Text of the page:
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Fullerton Civic Light About to Move Out of Town

February 23, 2010

It used to be that regional houses could get theatrical sets once Broadway productions ended. “That idea died with the hippie generation,” says Griff Duncan, co-founder and managing producer of Fullerton Civic Light Opera Music Theatre (FCLO). “Theatre all but died with the hippie generation. The audience dropped out.”

It took another decade and a half before the National Alliance of Musical Theatre formed. It brought together regional theatre producers with a common goal: stage great theatre, and have the sets they need. Duncan says, even today, it’s a challenge to mount a Broadway show. “After the New York run, these shows go on national tours. We can’t get them until they’re done. That can take years. So the Alliance solved that problem.”

Members of the Alliance, including Griff Duncan, have written and produced such shows as Yeston & Kopit’s Phantom of the Opera, Grand Hotel, and Stephen Schwartz’s Children of Eden. “That’s a show,” Duncan says, “that’ll never go to Broadway. Stephen knows it. It’s too expensive. So he worked with us on it.”

Mention the cost of theatre in New York and Duncan laughs. “You can hardly ever open a show on Broadway. It costs $12 million on average. That’s why shows more often come from London, where labor costs are cheaper.” Duncan knows labor costs. He has 30 years of Fortune 100 company experience, he says, negotiating labor contracts with most major unions in the U.S. “Yeah,” he adds with a smile. “It’s helped.” 

FOR RENT

Since co-founding Fullerton Civic Light Opera with his wife and artistic director, Jan Duncan, in 1972, FCLO has staged more than 150 musicals. The company has grown, Griff says, to one of the 100 largest musical theatres in the country. “And what many people don’t realize,” he says, “is that we are the Number Two set and costume producer behind Pittsburgh CLO.”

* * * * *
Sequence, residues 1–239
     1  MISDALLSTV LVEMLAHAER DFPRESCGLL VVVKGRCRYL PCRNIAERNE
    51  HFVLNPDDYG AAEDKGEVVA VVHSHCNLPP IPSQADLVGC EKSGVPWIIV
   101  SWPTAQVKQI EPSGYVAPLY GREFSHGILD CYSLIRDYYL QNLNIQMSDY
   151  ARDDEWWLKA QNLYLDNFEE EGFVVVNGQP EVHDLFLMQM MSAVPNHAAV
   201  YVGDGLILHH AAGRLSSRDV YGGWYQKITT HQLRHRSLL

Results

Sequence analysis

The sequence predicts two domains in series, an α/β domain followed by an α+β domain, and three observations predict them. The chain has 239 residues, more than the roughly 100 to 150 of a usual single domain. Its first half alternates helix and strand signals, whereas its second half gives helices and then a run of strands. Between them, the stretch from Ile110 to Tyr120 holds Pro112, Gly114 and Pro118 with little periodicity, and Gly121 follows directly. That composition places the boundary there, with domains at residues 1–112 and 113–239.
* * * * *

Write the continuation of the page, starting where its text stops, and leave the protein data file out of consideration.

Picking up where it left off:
If it weren’t for the rental business, Duncan says they would have been out of business long ago. We’re standing inside a former Lincoln Mercury dealership, circa 1942, on Commonwealth Avenue in Fullerton. It houses the box office, administrative office, sewing room, hat room, rehearsal hall, construction yard, and costume warehouse. “We have 14,000 square feet here and another 20,000 square feet not far from here. We can costume 40 Broadway musicals and provide scenery for about 30.”

The set-building portion of the facility is full of numbered duffle bags, stacked on rafters, full of backdrops. There are sign boards of shows, the familiar Evita cut-out, and much more. Mostly, there’s room to build sets and paint canvas. Across the small parking lot is a warehouse full of costumes on hangers: soldier uniforms, marching band attire, Old West clothes, knightwear – everything you might need to stage The Music Man, Carousel, Seven Brides for Seven Brothers, Camelot, or any of a few dozen more venerable shows.

It’ll cost between $3,000 and $15,000 to rent sets and costumes. “Our customers include South Bay CLO, Moonlight Stage in Vista, Children’s Theatre of Southern California, McCoy-Rigby’s La Mirada Theatre for the Performing Arts,” Duncan says. “We even rent to Temple City High School, Fullerton High, Buena Park High School.” Wait, in the age of cuts to arts programs throughout California, public schools can afford to rent from FCLO? “Yes,” Duncan says. “They may not get the whole shebang, but they can come in and spend a grand or two on costumes and part of a set. In some cases, they spend ten grand. We give them discounts if they pull their own clothes off the racks; it saves on my labor costs.”

As for schools, Duncan boasts of FCLO’s John Raitt Awards for Youth. “We send judges to schools around Southern California to watch their plays. Twenty-three schools in four counties. Nederlander [think Pantages] works with us on this, along with John Raitt’s family. The judges give out a Best Actor and Best Actress award and we give the winners scholarships to attend college in New York.”

FCLO’s MONEY ISSUES

“We’re operating in a deficit,” Duncan says. “We have a $2.1 million budget. About a third comes from our rentals, about 40-percent comes from subscriptions – and that’s down from 60-percent – and the rest from single ticket sales and fundraising.”